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Setting Some Standards

I love the “custom” nature of our industry, but am frustrated by its general lack of standards. Why are there no standards and what can I do about it?
Name and address withheld

With no standards planned for our industry in the foreseeable future–standards for interoperability, specifications or sizing–we must learn to operate within a market fraught with confusion and competing claims.

How often have you offered a proposal to a customer, and found that a competing installer’s proposal was oddly different from yours? It’s like the other dealer just didn’t understand what the customer wanted. This happens often, because there are so many ways to solve A/V problems, and there are dealers with a wide range of capabilities competing for the same business.

Compare this to a quote you might see for a security system. You could rustle up four price quotes from four competing firms, and they would be virtually identical in functionality and price. So the security firms compete on service, not on product, and not because the customer values the service so highly. It’s just that service becomes the only differentiating element in the proposal. In fact, the customer would feel more comfortable deciding on a combination of product and service. For example, if one security company said that their monitoring hardware had the highest uptime in the industry and their keypads were the easiest to operate, then the customer would have a higher comfort level assessing differences in proposals.

I’m not advocating a “retail sales guy” approach to selling A/V systems–an approach that relies strictly on product differentiation–because this misses the point. Your product choices are a factor, but not the dominant factor. They are the entre into the customer’s mind. It’s your service that closes the deal.

Let’s look at a typical scenario. You talk with a customer who already has some knowledge or a competing proposal. You offer your solutions, which differ in brand, functionality and pricing. When the client questions your choice of plasma TVs, your answer should be: “You seem to have some knowledge of plasmas. What have you heard?” This will give you the information that you need to assess their level of confusion. Your answer should address these misperceptions, and speak to the high degree of confusion–albeit planned confusion–in the marketplace. And then you offer your thoughts on the matter, and why your choices are well reasoned, and based on experience.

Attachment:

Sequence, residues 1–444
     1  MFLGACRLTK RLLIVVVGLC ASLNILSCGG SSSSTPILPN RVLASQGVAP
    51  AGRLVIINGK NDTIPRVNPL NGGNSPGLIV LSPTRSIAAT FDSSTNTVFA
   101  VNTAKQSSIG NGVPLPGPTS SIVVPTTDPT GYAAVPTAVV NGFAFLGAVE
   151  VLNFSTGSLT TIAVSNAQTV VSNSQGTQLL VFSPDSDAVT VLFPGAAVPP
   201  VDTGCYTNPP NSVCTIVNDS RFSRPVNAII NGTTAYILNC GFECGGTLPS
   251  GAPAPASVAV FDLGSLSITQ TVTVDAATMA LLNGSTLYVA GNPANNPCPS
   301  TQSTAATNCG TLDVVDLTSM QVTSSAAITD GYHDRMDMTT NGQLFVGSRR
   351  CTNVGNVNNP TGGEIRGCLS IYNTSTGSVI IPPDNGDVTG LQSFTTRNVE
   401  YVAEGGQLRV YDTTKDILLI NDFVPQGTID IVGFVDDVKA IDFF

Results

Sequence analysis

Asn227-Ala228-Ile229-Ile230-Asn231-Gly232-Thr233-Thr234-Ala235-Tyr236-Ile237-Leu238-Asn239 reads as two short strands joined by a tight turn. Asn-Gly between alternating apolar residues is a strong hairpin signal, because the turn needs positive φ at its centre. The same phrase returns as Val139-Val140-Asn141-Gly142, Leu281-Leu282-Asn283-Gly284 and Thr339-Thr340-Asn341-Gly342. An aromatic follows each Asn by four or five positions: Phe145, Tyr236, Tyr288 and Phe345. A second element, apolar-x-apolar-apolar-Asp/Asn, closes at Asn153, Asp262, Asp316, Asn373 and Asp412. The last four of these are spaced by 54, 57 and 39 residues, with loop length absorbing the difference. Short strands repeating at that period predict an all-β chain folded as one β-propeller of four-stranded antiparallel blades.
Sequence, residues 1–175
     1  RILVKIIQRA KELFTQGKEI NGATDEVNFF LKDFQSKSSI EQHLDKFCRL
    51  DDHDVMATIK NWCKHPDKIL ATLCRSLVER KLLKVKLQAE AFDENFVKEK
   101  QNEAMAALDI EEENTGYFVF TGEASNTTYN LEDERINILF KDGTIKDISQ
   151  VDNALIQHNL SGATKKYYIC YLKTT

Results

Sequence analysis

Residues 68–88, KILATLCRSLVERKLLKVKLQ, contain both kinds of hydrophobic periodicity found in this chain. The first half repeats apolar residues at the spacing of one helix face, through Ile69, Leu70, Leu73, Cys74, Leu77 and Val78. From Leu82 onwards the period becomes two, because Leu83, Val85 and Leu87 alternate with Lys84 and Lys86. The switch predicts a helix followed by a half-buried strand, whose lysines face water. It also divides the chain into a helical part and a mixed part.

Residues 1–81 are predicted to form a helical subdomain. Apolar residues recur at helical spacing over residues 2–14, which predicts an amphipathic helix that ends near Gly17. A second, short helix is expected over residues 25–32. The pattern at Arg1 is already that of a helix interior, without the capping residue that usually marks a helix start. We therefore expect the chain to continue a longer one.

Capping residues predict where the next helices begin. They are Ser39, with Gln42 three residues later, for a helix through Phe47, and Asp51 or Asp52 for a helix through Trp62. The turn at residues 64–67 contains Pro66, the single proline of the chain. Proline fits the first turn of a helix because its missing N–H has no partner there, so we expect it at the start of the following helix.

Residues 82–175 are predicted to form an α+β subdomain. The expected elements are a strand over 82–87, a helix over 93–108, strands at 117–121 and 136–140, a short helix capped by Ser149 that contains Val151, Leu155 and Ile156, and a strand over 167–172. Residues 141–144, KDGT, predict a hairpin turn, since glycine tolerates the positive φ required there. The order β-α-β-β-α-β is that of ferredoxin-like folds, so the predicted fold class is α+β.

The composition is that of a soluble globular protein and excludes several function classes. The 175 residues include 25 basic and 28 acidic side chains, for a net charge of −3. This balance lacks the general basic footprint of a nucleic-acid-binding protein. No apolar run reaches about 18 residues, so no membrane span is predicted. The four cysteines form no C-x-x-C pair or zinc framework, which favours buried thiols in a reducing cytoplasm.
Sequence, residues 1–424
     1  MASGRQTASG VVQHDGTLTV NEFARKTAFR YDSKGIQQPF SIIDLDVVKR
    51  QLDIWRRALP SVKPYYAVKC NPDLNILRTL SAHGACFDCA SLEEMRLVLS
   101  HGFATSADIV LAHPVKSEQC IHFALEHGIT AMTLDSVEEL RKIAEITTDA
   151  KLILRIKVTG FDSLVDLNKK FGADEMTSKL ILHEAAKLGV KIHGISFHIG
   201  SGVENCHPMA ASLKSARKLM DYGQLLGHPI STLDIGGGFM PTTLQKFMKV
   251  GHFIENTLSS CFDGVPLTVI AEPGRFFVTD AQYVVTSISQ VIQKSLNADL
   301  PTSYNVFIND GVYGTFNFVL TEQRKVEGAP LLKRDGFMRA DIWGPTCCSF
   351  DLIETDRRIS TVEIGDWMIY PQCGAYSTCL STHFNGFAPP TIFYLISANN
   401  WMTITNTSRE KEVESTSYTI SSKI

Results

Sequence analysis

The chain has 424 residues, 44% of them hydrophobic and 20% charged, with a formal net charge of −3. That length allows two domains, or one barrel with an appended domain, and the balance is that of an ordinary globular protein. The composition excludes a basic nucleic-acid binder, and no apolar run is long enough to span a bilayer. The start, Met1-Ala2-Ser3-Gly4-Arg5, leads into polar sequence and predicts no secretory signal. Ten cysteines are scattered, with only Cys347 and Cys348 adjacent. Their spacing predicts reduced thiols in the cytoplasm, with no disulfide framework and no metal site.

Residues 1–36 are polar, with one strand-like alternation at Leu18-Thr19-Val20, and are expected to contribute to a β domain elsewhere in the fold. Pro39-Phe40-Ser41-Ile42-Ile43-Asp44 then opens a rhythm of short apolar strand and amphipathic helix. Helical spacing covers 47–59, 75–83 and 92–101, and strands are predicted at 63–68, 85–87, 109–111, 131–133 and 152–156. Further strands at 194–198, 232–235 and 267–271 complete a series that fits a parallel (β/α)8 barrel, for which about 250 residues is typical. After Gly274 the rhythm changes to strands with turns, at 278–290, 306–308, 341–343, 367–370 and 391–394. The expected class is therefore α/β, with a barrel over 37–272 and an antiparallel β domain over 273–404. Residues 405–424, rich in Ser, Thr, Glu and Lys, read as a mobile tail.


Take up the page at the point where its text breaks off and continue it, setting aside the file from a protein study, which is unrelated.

See? You let the customer know that confusion exists in the market, and you show them how you have done enough research to separate truth from fiction. You have risen above the fray, proven your capabilities, nay boldly proclaimed your superiority in the world of installers. This is how you use product to differentiate your proposal, and deep knowledge of the product and how it fits into a system to prove your superhuman engineering prowess.

When you are faced with a market in confusion, the winner is the company that makes sense of the disparate claims in a convincing and demonstrable fashion. That means it is incumbent upon you to choose the best (and most honest) products, understand why you’re choosing them, and speak to their attributes with authority. It doesn’t take long to explain to a customer why a Crestron or AMX system is functionally superior to an over-the-counter Windows-based media server. But, you have to know why these purpose-built systems are more stable to dispel the myth of a PC-based A/V control system.

Likewise, you have to understand why ANSI lumens are but one measure of a projector’s capabilities and not the final arbiter of performance…why wattage is not an indication of musicality…and just because an iPod and a ReQuest music server are “digital” doesn’t mean that they work, or sound the same. It is your job to know more, and then sell your understanding of the market as part of your proposal.